But when she attempted to lead the intimidated city employee back into the main building, Williams said, Felder’s assistants tried to block her from entering as well. “They told me, ‘You can’t come to the meeting. It’s private,’” she said.

What I was able to piece together from multiple witnesses was that a neighborhood police officer assigned to the community showed up and told Felder that people could not be evicted or arrested because they disagreed with him. Unwilling to accept this verdict, Felder or his assistants, on his direction, called a police supervisor. Eventually, six to seven police officers were on the scene, all telling Felder they could not and would not forcibly remove people he disagreed with from the meeting.

“They told him he couldn’t make anyone leave unless it's disorderly conduct,” Williams said.

I tried to speak to Felder about it. In the space of about a minute, I asked him half a dozen times to explain why he called the cops on his own constituents.

“If this is what you want to do,” he said, “then you go ahead and do that.”

I asked again.

“You want to go down in the gutter and be a sleazy journalist,” he said. “All you are trying to do is become a sleazy journalist. I didn’t know you were like that.”

He asked me if I wanted to have a civil conversation. I said not especially. I wanted to know why he called the cops.

“If not,” he said, “I have other things to do. Go ahead and write whatever you want to.” He hung up.

OK, then. I write that I think Kevin Felder is a cuckoo-bird.

Felder is smart, well spoken and has a good heart, but he doesn't seem to understand what a public meeting is.
Felder is smart, well spoken and has a good heart, but he doesn't seem to understand what a public meeting is.
Jim Schutze

At the council meeting Wednesday, Caraway seemed to agree with me. “I do not agree,” he said, “with the fact of having closed meetings. I don’t agree with the fact of throwing people out of meetings. I believe a public meeting should be a public meeting, and you don’t have to show your driver’s license to show that you live in a certain area. Anyone and everyone should be able to go.”

In this case, Caraway’s insistence on transparency is not just a civics lesson. A major railroad and a major construction company are awaiting word on whether they can launch a major capital investment in the city.

I’m not taking sides on that. I love Joppa. It’s a very cool connection to the city’s early days and deserves whatever protection the city can extend to it. But industry is the foundation of our economy, and investment is better than disinvestment. So let’s let those chips fall where they may.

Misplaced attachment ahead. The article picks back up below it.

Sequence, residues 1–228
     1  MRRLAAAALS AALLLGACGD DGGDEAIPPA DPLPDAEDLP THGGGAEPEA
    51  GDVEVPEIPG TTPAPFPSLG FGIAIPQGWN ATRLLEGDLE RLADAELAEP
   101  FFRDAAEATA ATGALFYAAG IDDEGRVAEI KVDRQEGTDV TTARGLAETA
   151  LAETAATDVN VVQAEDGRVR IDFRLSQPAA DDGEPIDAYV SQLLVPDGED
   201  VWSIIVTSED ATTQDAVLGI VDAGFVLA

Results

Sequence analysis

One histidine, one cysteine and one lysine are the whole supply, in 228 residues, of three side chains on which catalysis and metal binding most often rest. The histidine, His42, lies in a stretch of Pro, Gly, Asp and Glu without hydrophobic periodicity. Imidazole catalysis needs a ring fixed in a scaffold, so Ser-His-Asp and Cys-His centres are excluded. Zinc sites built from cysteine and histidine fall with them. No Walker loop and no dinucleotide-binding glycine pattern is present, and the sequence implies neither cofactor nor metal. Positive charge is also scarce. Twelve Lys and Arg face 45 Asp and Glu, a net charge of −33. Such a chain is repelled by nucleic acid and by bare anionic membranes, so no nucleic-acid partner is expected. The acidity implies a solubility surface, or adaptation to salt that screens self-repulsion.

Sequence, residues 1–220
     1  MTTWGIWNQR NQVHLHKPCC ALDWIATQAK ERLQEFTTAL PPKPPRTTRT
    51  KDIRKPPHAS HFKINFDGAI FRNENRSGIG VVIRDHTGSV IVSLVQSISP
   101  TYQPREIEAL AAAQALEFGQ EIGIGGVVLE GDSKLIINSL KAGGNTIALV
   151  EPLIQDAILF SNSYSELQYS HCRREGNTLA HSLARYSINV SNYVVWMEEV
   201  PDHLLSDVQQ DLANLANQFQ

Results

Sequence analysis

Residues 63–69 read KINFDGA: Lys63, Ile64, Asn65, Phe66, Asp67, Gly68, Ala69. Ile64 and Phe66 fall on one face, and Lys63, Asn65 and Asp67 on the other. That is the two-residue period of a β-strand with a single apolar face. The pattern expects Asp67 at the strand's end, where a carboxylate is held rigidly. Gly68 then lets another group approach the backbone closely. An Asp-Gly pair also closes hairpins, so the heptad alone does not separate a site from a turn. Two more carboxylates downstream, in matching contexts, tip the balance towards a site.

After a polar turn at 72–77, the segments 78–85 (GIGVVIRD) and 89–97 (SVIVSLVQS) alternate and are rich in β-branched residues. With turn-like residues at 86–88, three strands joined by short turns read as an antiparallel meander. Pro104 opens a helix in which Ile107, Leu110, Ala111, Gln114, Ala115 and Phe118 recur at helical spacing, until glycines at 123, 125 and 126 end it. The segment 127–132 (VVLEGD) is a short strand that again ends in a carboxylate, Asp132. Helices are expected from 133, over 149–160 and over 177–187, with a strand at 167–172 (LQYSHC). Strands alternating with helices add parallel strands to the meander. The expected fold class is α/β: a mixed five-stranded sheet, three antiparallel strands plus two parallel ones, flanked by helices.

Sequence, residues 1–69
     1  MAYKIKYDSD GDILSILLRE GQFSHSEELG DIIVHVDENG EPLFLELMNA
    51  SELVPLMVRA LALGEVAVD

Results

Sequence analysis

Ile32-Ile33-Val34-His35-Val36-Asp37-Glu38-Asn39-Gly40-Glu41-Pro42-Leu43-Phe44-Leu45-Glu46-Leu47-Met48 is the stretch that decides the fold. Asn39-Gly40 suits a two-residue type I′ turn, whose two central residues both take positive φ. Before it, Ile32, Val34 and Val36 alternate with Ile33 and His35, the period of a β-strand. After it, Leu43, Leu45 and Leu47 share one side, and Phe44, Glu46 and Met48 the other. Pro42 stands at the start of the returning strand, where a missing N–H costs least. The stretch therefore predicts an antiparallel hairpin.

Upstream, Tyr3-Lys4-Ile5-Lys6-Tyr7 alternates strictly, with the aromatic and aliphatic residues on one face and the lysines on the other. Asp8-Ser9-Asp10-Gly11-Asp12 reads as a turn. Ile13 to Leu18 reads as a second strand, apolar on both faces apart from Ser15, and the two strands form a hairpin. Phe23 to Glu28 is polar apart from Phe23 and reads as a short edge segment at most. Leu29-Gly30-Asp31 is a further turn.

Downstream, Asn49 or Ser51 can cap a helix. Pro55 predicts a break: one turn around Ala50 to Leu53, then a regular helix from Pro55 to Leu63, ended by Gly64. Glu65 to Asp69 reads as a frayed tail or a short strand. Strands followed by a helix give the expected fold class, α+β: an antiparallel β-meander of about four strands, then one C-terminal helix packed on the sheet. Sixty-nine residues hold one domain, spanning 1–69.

Because this is zoning and because it’s in Felder’s district, the informal rules of the single-member Dallas City Council system say it’s up to him. But he can’t bring it to a decision because, under his leadership, everything in his district is unresolved and wackadoodle.

At the same council meeting, District 14 council member Philip Kingston presided over one of the longest-running, most bitterly fought zoning disputes in recent city history — the Swiss Avenue Aldredge House fight in Kingston’s district. Kingston basically slapped everybody upside the head one time, gave them all a kiss, blew his whistle and put it away. It can be done.

Meanwhile on Felder’s case, the chamber was full of bitterly divided residents of Joppa, citywide community activists, zoning lobbyists and industry reps, all sitting there cooling their heels while Felder asked for yet another delay. The council voted to give him his delay because the case is in his district, and by the informal rules, he’s supposed to have say-so over it.

Felder said he was going to use the time to go to the Joppa community, have more community meetings and get everyone to agree on a plan. I watched the council closely while he made his promise, and I saw a lot of eye-rolling and face-planting.

Caraway told Felder, “I suggest you have all the meetings right here in City Hall and have them in one of these big rooms over here. You won’t have to call the police because we got the police right here.” Caraway suggested that the meetings be videoed by City Hall personnel, “so we can see who’s acting the fool.”

That was the part when I looked around the room and saw people shaking their heads in puzzlement. I could guess the questions running through their heads. Why would Felder have to host his community meetings at City Hall? Why would the meetings have to be videoed?

I thought that I could have explained it all to them, but I would have needed a little Councilman Felder doll and then dolls for the constituents, and then I would have had to show the Councilman Felder doll tossing the constituent dolls out the windows of the horse park, and I would have needed a bunch of little blue dolls for the cops coming in real fast and telling the Councilman Felder doll to cut it out. I just didn’t have the dolls. But, you know, it’s City Hall. It all makes sense if you understand what’s going on.